Michael Barry is a pro bike racer, author, and blogger. His is an unusually articulate voice in the world of cycling and sport in general. Michael’s first book, Inside the Postal Bus, provides a great first-hand glimpse of what it’s like to ride at the top level, in particular during his years on U.S. Postal. Le Metier is hands down one of the best, if not the best, cycling books out there. Le Metier is french for “the craft,” and Michael goes to great lengths in describing the years of blood, sweat, and tears that go into a pro cyclist honing his craft. It’s a beautiful book in both word and pictures. Do yourself a favor, go out and get both books.
Recently on his blog, Michael does a great job of summing up everything that’s both immediate and transcendent about the Group Ride. Here’s a short excerpt but be sure to follow the link below to read the full post:
Like bragging at a dinner party about wealth, nobody appreciates a rider who constantly forces the pace to prove his strength. Half-wheeling, the term used to describe a rider who is constantly pushing the pace half a wheel in front of the others, is an insult not a compliment. Group rides are not races. Good riders are in tune with each others’ abilities and the groups’ objective. At the right moment, when everybody is ready, the tempo will increase, the group will splinter, the strongest will surge ahead, and then only to regroup again at a designated spot.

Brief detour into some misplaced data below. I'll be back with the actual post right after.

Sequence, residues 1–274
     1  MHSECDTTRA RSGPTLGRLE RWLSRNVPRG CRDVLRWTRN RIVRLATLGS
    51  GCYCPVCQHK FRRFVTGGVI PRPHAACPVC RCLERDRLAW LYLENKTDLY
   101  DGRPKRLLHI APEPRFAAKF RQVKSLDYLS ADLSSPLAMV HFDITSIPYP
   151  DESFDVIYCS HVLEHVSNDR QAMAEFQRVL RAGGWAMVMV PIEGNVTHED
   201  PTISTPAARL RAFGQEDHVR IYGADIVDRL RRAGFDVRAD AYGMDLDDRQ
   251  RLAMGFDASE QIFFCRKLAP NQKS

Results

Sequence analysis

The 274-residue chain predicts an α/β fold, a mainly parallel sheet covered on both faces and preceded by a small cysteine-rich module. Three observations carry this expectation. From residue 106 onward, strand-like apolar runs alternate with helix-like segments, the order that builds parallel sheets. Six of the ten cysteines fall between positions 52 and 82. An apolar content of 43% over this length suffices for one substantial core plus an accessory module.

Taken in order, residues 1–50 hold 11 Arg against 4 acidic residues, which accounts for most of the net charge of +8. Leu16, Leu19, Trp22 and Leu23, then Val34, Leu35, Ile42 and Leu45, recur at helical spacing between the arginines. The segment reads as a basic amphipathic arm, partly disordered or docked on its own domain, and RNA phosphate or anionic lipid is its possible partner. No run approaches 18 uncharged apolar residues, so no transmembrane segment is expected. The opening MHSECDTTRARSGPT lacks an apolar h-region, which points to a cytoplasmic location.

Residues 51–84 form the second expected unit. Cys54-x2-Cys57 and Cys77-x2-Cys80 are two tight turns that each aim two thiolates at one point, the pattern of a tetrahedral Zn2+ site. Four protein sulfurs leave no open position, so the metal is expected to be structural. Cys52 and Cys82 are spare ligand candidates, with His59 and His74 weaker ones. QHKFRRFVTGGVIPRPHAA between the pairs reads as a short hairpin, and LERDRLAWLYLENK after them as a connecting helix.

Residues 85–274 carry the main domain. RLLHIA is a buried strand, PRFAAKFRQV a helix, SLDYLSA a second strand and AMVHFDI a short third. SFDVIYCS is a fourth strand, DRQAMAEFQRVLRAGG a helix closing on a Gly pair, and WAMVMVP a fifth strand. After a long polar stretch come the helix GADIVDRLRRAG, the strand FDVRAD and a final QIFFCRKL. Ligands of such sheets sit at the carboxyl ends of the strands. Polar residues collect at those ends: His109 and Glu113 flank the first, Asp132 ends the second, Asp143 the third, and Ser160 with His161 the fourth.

Click HERE to read the full post at Barry’s blog. Thanks for the wisdom Michael.